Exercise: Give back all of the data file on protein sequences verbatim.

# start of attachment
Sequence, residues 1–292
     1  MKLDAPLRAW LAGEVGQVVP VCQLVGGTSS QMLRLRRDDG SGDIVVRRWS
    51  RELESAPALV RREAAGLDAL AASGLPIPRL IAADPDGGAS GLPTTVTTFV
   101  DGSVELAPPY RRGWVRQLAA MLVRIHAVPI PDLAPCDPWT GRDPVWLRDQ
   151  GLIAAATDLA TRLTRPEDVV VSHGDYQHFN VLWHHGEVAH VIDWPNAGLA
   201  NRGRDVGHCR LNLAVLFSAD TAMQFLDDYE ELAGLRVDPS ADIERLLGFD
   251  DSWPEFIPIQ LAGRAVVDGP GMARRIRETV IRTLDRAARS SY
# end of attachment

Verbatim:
Sequence, residues 1–292
     1  MKLDAPLRAW LAGEVGQVVP VCQLVGGTSS QMLRLRRDDG SGDIVVRRWS
    51  RELESAPALV RREAAGLDAL AASGLPIPRL IAADPDGGAS GLPTTVTTFV
   101  DGSVELAPPY RRGWVRQLAA MLVRIHAVPI PDLAPCDPWT GRDPVWLRDQ
   151  GLIAAATDLA TRLTRPEDVV VSHGDYQHFN VLWHHGEVAH VIDWPNAGLA
   201  NRGRDVGHCR LNLAVLFSAD TAMQFLDDYE ELAGLRVDPS ADIERLLGFD
   251  DSWPEFIPIQ LAGRAVVDGP GMARRIRETV IRTLDRAARS SY